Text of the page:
As an allegory, it is a wonderful picture of the history of Israel, their attitude of mind toward other nations, and the very
essence of their office in the redemptive purpose of God. It is a beautiful lesson on the tender mercy of God and his longsuffering patience.
HE Prophet Micah was contemporary with the great Isaiah, and not unworthy of such association.
He prophesied in the days of Jotham, Ahaz and Hezekiah, kings of Judah, and therefore, before the dark shadows of the great captivity had fallen across the nation's path. The word of the Lord that came to him concerned Samaria as well as Jerusalem-Israel and Judah. The book may be divided conveniently into three parts:
I. Chapters I-V consists of a series of seven sermons on the same general theme, the destruction that would surely come upon both Samaria and Jerusalem, unless they turned from their iniquity. The doom of the northern kingdom seems most imminent; sometimes it is spoken of as already being executed.
The indictment brought against Judah is chiefly the charge of greed and avarice, which led to cruelty and oppression of the poor and the helpless. There is no gentleness of touch in the hand which wields the rod in these rebukes.
"Hear this, ye heads of the house of Jacob, and rulers of the house of Israel, that abhor judgment and prevent all equity. They build up Zion with blood, and Jerusalem with iniquity. The heads thereof judge for reward, and the priests thereof teach for hire, and the prophets thereof divine for money; yet will they lean upon the Lord and say, 'Is not the Lord in the midst of us? No evil shall come upon us.' Therefore shall Zion for your sake be plowed as a field, and Jerusalem shall become heaps, and the mountain of the house as the high places of a forest." III:9-12.
Such was his manner toward his contemporary rulers; definite and specific in his charges, unsparing in his denunciations.
But he was no mere pessimistic critic of his people, but the most hopeful of seers, and most fervent of orators pleading for reform. He does not conceal his contempt for the prophets who preach smooth things, and belittle the fear of judgment to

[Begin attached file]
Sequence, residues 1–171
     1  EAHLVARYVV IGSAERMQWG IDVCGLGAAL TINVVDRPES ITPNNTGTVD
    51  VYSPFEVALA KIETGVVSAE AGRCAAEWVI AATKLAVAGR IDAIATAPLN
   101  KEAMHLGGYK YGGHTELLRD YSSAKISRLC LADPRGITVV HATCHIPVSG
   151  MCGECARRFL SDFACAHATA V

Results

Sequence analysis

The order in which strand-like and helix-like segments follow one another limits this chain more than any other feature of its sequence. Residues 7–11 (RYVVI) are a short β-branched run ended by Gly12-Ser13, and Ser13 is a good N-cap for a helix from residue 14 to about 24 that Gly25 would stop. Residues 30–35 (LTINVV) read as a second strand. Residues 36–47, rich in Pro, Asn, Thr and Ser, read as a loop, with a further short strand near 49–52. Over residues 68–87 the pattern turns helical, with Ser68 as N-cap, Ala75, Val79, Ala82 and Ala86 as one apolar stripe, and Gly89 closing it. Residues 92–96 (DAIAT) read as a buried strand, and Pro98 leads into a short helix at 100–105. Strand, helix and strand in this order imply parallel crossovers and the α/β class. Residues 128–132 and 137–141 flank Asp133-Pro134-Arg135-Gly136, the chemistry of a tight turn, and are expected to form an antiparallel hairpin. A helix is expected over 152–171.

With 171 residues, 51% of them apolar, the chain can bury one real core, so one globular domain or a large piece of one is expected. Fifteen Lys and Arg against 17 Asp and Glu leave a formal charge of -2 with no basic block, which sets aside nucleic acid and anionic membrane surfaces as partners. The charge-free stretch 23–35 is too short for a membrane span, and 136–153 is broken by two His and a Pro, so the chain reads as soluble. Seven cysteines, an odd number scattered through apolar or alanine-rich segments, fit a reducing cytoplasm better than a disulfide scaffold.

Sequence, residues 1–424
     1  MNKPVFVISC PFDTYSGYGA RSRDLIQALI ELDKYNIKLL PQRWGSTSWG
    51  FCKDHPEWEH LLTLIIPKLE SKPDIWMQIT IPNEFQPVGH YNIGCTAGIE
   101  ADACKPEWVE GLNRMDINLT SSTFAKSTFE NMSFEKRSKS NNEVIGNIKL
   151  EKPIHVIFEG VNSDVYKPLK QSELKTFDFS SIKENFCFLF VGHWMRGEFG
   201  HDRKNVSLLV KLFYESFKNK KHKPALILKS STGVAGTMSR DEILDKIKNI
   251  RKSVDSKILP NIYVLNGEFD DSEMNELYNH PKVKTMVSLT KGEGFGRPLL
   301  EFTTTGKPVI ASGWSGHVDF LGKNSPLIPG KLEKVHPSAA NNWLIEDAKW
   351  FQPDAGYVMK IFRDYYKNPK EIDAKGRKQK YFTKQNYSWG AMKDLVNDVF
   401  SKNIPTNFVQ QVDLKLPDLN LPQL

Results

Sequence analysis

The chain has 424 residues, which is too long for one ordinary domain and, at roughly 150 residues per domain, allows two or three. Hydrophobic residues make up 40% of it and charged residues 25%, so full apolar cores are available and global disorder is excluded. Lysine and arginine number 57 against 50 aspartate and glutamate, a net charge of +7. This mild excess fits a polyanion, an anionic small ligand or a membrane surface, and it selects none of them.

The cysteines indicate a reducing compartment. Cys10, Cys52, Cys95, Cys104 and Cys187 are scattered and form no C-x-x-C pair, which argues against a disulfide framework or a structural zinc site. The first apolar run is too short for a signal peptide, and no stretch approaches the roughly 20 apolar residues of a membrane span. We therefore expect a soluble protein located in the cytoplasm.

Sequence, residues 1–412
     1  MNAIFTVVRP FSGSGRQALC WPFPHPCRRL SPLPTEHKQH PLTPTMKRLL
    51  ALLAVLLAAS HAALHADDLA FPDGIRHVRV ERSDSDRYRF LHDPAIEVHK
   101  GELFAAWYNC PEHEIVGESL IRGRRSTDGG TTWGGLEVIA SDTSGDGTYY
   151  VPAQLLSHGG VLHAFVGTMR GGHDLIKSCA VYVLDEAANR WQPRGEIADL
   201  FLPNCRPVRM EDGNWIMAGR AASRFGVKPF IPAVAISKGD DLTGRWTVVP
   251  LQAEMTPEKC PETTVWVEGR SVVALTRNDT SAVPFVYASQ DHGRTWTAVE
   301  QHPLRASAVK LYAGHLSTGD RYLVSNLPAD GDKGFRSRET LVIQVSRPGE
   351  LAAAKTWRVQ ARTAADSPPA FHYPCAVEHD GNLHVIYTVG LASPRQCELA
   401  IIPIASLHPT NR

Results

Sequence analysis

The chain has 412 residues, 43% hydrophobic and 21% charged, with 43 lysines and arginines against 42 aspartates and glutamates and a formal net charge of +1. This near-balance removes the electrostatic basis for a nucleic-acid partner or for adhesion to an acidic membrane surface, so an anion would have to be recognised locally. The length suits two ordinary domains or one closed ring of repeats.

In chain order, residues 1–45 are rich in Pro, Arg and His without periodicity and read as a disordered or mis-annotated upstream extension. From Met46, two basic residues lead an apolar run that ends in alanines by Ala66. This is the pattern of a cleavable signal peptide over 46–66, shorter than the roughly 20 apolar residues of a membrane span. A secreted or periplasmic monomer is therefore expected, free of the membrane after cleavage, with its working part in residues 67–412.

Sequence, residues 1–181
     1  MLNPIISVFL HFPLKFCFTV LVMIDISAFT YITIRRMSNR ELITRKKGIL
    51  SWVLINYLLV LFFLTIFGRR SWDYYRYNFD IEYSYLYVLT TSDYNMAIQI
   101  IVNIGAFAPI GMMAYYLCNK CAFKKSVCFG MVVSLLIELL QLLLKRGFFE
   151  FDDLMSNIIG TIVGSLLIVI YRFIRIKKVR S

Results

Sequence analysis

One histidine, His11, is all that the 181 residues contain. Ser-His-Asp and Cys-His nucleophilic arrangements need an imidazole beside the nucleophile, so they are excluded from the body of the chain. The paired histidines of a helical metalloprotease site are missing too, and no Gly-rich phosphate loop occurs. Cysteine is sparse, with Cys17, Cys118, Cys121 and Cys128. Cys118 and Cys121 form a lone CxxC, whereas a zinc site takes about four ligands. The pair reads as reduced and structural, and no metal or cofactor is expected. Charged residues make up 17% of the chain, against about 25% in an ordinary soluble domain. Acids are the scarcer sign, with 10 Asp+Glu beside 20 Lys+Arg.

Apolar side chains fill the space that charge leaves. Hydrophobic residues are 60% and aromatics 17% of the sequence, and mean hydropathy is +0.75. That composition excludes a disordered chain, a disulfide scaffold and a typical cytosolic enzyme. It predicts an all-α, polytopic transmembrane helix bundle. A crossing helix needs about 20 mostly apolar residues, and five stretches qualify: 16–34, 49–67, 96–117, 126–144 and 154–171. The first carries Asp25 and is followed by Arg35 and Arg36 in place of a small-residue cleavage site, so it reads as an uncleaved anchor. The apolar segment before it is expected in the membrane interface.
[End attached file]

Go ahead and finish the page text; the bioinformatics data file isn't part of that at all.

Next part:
"If a man walking in wind and falsehood do lie saying, 'I will prophesy unto thee of wine and strong drink; he shall even be the prophet of this people,'"-the kind of prophet they desire.
Micah's sympathy is with the poor and the oppressed, and he has been well called the prophet of the poor; a most sane and wholesome prophet for the poor in every age, for there is no trace of sickly sentiment, nor the class prejudice, which so often mars the well meant preachments to the poor.
But Micah is at his best when he turns to the visions of the future. The unfaithfulness of his contemporaries, though it might involve the nation in very great disasters, as indeed it did, could not break God's covenant, nor destroy the hope of glory to come in the fullness of the time.
Isaiah himself has nothing brighter than this vision of the latter days: "But in the latter days it shall come to pass that the mountain of the Lord's house shall be established in the top of the mountains, and it shall be exalted above the hills; and peoples shall flow into it; and many nations shall go and say, 'Come ye, and let us go up to the mountain of the Lord, and to the house of the God of Jacob; and he will teach us of his ways, and we will walk in his paths; for out of Zion shall go forth the law, and the word of the Lord from Jerusalem. And he shall judge between many peoples, and shall reprove strong nations afar off; and they shall beat their swords into plowshares and their spears into pruning hooks; nation shall not lift up sword against nation, neither shall they learn war anyBut they shall sit every man under his vine and under his fig tree, and none shall make them afraid, for the mouth of